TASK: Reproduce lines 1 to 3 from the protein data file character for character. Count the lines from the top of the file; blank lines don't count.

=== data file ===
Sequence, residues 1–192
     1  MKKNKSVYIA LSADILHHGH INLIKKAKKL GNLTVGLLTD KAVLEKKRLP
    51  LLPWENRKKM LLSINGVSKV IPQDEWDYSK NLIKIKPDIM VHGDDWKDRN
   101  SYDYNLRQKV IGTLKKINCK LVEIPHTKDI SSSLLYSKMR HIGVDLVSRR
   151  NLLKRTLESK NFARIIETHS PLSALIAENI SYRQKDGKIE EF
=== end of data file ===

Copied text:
Sequence, residues 1–192
     1  MKKNKSVYIA LSADILHHGH INLIKKAKKL GNLTVGLLTD KAVLEKKRLP
    51  LLPWENRKKM LLSINGVSKV IPQDEWDYSK NLIKIKPDIM VHGDDWKDRN